I have written here before about having memorable Winter fishing in Central Oregon at Tetherow Crossing on the Deschutes R. one very cold day. I wasn’t prepared to identify or even have the right patterns to fish for the browns. There were smaller fluttering insects landing on the water followed by little wallops at the surface. I had no clue if the insects were coming off or landing and laying eggs. In those days I focused on the fish and were they visibly feeding. That was about it. I tied on the closest pattern I had, a black Elk Hair Caddis and caught fish.
Later, I described the where, when and what of it all and a Sisters, Oregon shop owner filled in the details. Little Winter Stoneflies. I have tied up some black Stimulators in the past, but frankly I am superstitiously fond of the all Black Elk Hair Caddis. You can explore other patterns, just be alert for the hatch. There does not have to be snow in the ground, although they be easier to see. Small (size 10-12, slender, Hare’s Ears or more exacting) black nymphs would round out your presentations. Remember how these Stoneflies emerge and how they return to lay eggs.
A S-B-S tutorial by Brian Marz for a Golden Stoneflypattern just in time. Note the unique color of the pinkish-tan calf tail that Norm Woods uses for his wing material. Norm Woods’ Chubby Chernobyl by Brian Marz The pinkish-tan calf tail may not be readily available (an Oregon thing), so you will have to substitute a non-pinkish hued calf tail. An animated, buoyant, buggy looking critter just in time for Summer.
Norm Woods' Chubby Chernobyl Golden Stone (Brian Marz)
Ah, May/June! Chasing the Salmon Fly and Golden Stone crawl outs and hatches. Fishing your nymphs on the bottom where they crawl toward shore or below the rapids, where they have been dislodged and been carried into slightly deeper water. It is a fun Western U.S. event and interesting to witness the actual emergence (crawling onto shore/emergence from the nymphal body).
This action will carry on into July depending upon water temps. The California Stones (Salmon Fly) will end first and the Golden Stones will linger longer. It is a chuck it-sling it-stay tight to the fly-short line-drift affair. You can and probably should attach a second fly to the Stonefly (smaller nymph or a wet fly). Just remember, to avoid tangles, to think of your cast as a lob, open loop affair rather than trying to produce a standard cast with a tighter loop. Tangles and hooks into the back of the neck may result. Some will advocate throwing a longer line, and indeed sometimes you will have to chuck and duck and mend to get to a prime lie. But, I would advise the beginner to fish shorter and tighter to the fly with only a mend or two at most. Casting a heavy nymph by loading rod with water tension…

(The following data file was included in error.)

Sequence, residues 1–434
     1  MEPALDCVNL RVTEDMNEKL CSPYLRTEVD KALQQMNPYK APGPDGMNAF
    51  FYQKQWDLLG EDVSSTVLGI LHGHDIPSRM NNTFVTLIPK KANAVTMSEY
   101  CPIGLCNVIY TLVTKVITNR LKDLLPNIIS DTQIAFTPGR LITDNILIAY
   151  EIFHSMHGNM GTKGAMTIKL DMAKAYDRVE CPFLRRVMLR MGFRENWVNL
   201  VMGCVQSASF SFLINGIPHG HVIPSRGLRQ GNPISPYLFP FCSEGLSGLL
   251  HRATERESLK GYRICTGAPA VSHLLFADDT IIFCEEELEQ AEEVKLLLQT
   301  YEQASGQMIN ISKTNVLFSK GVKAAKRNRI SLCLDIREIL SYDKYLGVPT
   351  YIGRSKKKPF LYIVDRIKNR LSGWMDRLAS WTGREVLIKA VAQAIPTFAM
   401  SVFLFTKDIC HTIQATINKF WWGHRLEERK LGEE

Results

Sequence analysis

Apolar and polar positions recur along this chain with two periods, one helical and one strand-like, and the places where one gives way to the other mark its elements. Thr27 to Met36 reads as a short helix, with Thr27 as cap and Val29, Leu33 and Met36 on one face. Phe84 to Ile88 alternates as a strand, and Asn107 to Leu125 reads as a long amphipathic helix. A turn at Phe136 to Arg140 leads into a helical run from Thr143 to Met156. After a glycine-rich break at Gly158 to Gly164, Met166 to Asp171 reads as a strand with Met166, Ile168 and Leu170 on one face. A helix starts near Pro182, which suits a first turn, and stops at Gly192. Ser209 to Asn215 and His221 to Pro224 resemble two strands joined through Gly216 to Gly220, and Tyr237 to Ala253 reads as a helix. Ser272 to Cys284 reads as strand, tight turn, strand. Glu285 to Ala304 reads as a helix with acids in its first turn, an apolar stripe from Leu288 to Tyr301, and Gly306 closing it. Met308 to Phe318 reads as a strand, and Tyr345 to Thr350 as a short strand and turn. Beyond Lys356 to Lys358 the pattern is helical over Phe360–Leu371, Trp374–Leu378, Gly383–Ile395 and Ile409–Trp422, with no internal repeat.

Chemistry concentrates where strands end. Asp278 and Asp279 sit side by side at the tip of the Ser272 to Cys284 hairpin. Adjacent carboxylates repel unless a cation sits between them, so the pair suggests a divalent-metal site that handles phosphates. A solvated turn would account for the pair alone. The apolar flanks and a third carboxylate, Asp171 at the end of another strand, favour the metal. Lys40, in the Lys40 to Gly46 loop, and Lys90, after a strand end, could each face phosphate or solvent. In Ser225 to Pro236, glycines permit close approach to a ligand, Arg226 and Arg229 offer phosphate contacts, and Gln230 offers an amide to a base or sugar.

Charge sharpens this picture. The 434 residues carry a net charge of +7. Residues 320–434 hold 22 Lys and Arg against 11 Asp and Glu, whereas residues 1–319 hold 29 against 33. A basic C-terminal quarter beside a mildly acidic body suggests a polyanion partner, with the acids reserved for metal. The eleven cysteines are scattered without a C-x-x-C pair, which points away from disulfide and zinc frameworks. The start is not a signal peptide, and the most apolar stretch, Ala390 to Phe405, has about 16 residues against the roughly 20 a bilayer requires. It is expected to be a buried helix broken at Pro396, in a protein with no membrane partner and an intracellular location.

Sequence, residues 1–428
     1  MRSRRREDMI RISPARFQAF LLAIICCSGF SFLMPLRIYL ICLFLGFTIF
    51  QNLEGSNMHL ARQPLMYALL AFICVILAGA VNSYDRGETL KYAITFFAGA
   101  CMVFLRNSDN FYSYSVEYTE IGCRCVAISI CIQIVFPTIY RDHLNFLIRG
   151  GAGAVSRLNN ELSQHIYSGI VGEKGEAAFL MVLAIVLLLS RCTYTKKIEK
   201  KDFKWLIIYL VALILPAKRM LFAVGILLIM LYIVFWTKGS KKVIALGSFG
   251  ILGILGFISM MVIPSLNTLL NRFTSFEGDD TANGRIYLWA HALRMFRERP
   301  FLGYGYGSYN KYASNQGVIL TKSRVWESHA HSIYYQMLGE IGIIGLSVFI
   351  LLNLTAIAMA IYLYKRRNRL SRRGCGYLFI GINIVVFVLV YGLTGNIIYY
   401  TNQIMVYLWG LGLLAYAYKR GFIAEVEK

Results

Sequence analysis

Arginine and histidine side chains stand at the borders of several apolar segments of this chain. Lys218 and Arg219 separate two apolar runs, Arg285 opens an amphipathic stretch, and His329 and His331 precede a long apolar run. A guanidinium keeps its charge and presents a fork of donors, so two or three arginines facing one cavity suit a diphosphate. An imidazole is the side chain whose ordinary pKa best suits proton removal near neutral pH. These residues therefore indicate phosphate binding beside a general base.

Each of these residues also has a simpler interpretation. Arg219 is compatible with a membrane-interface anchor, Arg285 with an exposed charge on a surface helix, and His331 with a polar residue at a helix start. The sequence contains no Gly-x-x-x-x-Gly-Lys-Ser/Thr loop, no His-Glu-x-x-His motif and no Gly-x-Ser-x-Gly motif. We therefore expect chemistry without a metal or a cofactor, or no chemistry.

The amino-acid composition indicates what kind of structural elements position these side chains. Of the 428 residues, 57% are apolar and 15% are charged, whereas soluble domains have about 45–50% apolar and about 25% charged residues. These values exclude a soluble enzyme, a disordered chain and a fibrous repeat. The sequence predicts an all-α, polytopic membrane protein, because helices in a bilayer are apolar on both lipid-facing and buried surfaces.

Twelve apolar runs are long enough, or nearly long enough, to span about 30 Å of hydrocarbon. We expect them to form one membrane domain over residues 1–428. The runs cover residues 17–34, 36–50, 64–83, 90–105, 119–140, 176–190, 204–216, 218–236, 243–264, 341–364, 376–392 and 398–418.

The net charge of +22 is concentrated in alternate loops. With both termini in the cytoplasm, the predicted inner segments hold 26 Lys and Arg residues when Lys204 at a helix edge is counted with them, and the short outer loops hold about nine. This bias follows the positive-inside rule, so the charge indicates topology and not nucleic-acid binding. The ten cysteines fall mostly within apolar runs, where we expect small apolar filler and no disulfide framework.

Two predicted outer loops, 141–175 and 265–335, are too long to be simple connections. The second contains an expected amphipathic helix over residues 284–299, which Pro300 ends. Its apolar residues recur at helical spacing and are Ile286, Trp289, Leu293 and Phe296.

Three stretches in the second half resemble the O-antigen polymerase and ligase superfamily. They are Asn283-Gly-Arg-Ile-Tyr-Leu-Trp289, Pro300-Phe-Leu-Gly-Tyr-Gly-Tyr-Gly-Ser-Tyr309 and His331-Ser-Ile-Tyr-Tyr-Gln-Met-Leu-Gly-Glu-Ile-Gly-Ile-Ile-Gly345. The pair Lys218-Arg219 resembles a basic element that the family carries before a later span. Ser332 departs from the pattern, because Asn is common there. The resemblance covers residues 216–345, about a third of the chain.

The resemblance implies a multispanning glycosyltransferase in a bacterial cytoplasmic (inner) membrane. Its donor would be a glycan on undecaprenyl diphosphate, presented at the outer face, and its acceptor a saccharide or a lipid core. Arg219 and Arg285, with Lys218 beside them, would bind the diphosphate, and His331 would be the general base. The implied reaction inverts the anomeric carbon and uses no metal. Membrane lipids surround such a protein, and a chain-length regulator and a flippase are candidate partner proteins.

There are the simpler Stonefly patterns: Bitch Creek, Montana Stone, Brooks’ Stone (look up on Google Images). Some 20+ years ago the Kaufmann Bro’s of Tigard, Oregon presented the Kaufmann Stonefly. It is still here, and more often than not, it now has rubber legs. The original blended dark dubs can be substituted with tans and golds for Golden Stones, Brown Stones (large and small). Always heavily weighted to dredge the depths (remember most Stoneflies crawl toward shore to emerge onto land at the pre-emerge phase at some point). Research the time of Spring-Summer for various Stonefly emergences.
Not too many years ago, the beginning fly fisher was told they had to carry at least two nymphs in assorted sizes: the Pheasant Tail Nymph (PTN) and the Gold Ribbed Hares Ear (GRHE). Maybe I wrong, but the Hare’s Ear almost seems to have gone the way of the Muddler Minnow, Woolly Worm, Montana Stone or….. Well, maybe I am wrong. The Hare’s Ear Nymph is an excellent crawler/clinger nymph pattern. I suffer tying these because I almost seize up around rabbit. In fact, years ago, I regretfully eliminated the Hare’s Ear from my beginning tier’s lesson plan because I could not breath around the fur. It is the only fly tying material that seems to affect me so. Anyway, tie this pattern from size 8 to size 16, mostly in the natural Hare’s Mask. You can fool around with rubber legs and some flash at the tail, but it isn’t necessary. The Gold bead head can be omitted if desired. I have not had as much success with this pattern on stillwaters (not a good Hex or Callibaetis pattern for me). It is outstanding on rivers. You will notice in the attached link, the tier uses hackle barbs for the tail rather than the traditional Hare’s Mask guard hairs. That is quite acceptable. That way you don’t have to buy a Hare’s Mask and can buy the dubbing and sub hackle barbs for the tail.
Several years back, John Barr’s Copper John emerged upon the FF scene and gained immediate popularity because it worked and because, for its size, it quickly sunk. The copper wire body was adopted-adapted to many patterns. Consider wire wraps to suggest segmentation and to add additional weight to get a pattern down quickly and tumbling along. The wire body, metal bead and lead wraps beneath the dubbed thorax combine to get the stonefly pattern down quickly. A small chuck and duck pattern. Barb the hook streamside.
Note the Wire Abdomen on this Duplicated Commercial Tie
Sometimes the anchor fly is heavy for short line dredging of a fast running slot. However, this short piece in the Harford Examiner by Alain Barthelemy suggests, in shallower runs, a big but lighter fly is in order.
“Of all tyrannies, a tyranny sincerely exercised for the good of its victims may be the most oppressive. It would be better to live under robber barons than under omnipotent moral busybodies. The robber baron's cruelty may sometimes sleep, his cupidity may at some point be
satiated; but those who torment us for our own good will torment us without end for they do so with the approval of their own conscience.”